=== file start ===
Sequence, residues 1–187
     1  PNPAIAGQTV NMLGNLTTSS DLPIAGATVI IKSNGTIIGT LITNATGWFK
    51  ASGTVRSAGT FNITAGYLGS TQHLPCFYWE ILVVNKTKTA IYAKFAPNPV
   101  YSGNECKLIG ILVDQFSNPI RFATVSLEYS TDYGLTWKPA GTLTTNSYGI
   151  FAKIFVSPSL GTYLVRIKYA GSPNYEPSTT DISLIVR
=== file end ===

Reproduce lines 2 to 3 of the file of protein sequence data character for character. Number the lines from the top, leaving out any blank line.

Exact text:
     1  PNPAIAGQTV NMLGNLTTSS DLPIAGATVI IKSNGTIIGT LITNATGWFK
    51  ASGTVRSAGT FNITAGYLGS TQHLPCFYWE ILVVNKTKTA IYAKFAPNPV